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Rutgers not only campus to report voting problems
The Star Ledger. November 07, 2004. BY KELLY HEYBOER, Star-Ledger Staff

On Election Day, Rutgers University sophomore Sean Thom waited patiently as a poll worker combed the voter rolls for his name at a Livingston College polling site.

Thom looked downcast as the poll worker came up empty. Though he had registered to vote in his first election in an on-campus drive last month, Thom, 19, assumed his form was not processed in time for Tuesday's election.
He was one of hundreds, perhaps thousands, of new voters at Rutgers who reluctantly filled out paper provisional ballots or walked away from the polls when their names could not be found at polling locations.

"I'm kind of disappointed," he said.

Rutgers and Middlesex County election officials are still trying to figure out what caused widespread confusion Tuesday on the state university's New Brunswick and Piscataway campuses.

The university joins a long list of colleges reporting similar problems. Though young voters went to the polls in record numbers this election, they also ran into a record number of obstacles, voting rights advocates said.

"It's a widespread problem, and it's a problem that doesn't get a lot of press," said Adam Alexander, a spokesman for the New Voters Project, a Denver-based nonpartisan group.

A high number of first-time voters and the transient nature of students made college campuses a hot spot for problems on Tuesday.

Students in some areas traditionally have trouble convincing local election officials that they are entitled, under law, to vote using their school addresses. This year, new federal election regulations requiring identification from first-time voters also caused some confusion.

Among the other problems:

In Philadelphia, hundreds of students at the University of Pennsylvania received anonymous fliers warning that out-of-state students could lose their financial aid if they voted as Pennsylvania residents. The Student Democratic Party quickly sent an e-mail message assuring students the flier, which included a doctored newspaper article, was untrue.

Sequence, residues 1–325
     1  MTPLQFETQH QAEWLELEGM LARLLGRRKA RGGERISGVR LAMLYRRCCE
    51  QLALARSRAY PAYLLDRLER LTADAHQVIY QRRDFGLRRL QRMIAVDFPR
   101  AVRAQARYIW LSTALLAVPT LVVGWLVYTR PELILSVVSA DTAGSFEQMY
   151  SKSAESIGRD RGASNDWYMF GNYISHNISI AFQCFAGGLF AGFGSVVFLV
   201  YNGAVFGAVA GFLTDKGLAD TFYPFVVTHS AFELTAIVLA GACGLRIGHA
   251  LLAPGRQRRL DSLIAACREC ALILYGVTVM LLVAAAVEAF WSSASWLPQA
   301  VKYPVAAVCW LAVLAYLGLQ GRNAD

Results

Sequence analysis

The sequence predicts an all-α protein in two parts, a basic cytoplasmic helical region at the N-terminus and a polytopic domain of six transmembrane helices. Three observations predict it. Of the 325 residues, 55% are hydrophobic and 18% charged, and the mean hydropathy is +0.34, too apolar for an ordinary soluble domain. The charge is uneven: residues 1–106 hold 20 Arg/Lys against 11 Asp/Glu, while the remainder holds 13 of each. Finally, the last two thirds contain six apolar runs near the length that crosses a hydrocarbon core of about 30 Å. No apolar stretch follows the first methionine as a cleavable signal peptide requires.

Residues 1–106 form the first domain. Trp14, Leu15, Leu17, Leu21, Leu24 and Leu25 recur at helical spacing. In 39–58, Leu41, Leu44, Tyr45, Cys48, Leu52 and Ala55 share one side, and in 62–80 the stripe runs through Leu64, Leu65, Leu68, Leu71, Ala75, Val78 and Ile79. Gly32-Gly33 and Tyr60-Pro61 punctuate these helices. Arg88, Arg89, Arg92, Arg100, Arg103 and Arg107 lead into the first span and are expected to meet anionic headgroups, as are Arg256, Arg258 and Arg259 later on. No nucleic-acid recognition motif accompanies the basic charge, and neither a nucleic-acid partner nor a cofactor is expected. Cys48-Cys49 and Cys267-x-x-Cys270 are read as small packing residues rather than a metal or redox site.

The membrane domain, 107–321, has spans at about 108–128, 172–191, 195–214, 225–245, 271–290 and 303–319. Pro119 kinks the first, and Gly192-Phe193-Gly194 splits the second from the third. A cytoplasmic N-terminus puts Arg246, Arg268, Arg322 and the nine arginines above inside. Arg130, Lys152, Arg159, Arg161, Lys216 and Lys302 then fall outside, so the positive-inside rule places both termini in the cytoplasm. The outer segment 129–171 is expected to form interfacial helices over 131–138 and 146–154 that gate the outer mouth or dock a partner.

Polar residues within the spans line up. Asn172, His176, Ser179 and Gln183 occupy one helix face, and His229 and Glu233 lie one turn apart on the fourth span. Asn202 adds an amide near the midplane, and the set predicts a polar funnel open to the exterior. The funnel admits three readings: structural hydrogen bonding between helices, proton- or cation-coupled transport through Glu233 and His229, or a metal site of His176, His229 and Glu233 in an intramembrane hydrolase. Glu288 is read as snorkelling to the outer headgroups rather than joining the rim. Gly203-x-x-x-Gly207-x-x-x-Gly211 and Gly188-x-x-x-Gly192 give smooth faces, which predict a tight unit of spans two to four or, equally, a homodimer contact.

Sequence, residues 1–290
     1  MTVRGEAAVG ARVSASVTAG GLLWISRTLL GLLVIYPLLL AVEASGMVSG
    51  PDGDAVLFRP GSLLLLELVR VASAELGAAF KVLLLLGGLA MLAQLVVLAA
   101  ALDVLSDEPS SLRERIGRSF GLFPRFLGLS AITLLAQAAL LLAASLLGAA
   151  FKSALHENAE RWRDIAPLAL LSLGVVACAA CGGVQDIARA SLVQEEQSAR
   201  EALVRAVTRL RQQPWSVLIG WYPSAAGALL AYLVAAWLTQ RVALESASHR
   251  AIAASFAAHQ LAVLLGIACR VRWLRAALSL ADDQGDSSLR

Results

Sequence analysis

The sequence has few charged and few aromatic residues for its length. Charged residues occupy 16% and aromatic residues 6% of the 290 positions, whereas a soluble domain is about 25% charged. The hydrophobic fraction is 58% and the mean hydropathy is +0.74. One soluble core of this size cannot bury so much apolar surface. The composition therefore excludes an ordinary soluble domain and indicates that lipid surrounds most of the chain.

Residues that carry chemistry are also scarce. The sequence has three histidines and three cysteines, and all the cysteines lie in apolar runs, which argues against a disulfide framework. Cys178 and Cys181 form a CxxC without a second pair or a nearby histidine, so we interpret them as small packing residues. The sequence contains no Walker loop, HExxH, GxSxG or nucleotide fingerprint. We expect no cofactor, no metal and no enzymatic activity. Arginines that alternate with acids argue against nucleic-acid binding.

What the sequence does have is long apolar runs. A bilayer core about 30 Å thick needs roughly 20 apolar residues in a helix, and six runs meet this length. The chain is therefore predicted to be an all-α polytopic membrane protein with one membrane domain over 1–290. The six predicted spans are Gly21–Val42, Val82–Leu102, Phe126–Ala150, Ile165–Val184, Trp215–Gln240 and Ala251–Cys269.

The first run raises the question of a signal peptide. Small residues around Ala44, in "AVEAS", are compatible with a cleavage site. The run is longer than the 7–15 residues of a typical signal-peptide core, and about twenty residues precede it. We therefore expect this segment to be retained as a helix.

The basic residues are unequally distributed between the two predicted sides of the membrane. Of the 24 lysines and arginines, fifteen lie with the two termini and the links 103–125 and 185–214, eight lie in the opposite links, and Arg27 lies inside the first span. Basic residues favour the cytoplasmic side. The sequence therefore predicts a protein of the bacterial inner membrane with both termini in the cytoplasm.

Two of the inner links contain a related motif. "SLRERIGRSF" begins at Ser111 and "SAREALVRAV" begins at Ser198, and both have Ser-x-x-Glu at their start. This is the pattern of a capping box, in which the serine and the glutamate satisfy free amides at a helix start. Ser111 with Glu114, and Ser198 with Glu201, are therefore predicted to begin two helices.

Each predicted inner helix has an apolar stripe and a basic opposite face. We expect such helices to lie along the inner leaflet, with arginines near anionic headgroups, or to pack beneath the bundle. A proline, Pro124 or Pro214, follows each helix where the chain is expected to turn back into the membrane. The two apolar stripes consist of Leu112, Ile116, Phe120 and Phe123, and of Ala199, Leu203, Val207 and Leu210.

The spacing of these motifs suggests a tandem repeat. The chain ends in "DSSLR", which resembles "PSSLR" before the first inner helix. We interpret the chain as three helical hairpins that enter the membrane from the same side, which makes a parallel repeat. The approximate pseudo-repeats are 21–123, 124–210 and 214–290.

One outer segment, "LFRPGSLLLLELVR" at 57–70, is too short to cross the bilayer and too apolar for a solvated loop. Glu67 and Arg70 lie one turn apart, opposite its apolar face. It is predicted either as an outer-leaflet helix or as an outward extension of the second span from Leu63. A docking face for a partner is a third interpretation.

Lawyers in Florida filed lawsuits on behalf of college students who did not get to vote because election officials in Miami-Dade and Broward County were slow mailing absentee ballots.

At Kenyon College in Ohio, students reported waiting more than seven hours to cast ballots in a precinct unable to handle the crowds on its two electronic voting machines.

There were some bright spots.

In New Hampshire, students reported little trouble voting near Dartmouth College, the University of New Hampshire and other schools. In previous years, local officials aggressively challenged out-of-state students who tried to vote using their college addresses.

This year, a voter education campaign on New Hampshire college campuses and the presence of lawyers at polls in college towns seemed to alleviate the problem, local voter groups said.

In New Jersey, a few universities, including Montclair State University, reported scattered problems with students getting turned away at the polls or failing to receive absentee ballots.

At Drew University in Madison, about 400 residential students were told last month they could not register to vote using their dorm addresses. It took a call from former Gov. Thomas Kean, Drew's president, to the mayor to clear up the confusion.

The students voted without incident Tuesday, a Drew spokesman said.

It was another story at Rutgers.

University officials say they turned in voter registration forms for nearly 11,000 students before last month's deadline, and it appears many of the registrations were never processed.

"We don't really have a count at this point. ... It's a lot of people," said Susan Sherr, director of the civic engagement and political participation program at Rutgers' Eagleton Institute. "It was very frustrating."

Rutgers' lawyers went to court on Election Day as soon as students reported they were having trouble voting in New Brunswick and Piscataway.

The university's lawyers secured an emergency order from a Middlesex County judge ordering the county clerk to make sure polling locations had enough paper ballots to hand out.

Students whose names were not listed on the voter rolls filled out the ballots and sealed them in envelopes. Their votes will be counted if and when county officials verify the students' addresses and voting status.

RU Voting organizer Beth Logan said she was concerned that the confusion at Rutgers would discourage first-time voters from going to the polls in future elections. But she also hoped something positive would come from the Election Day problems.

"It's both good and bad," Logan said. "With the problems we are experiencing right now, there is going to be election reform."

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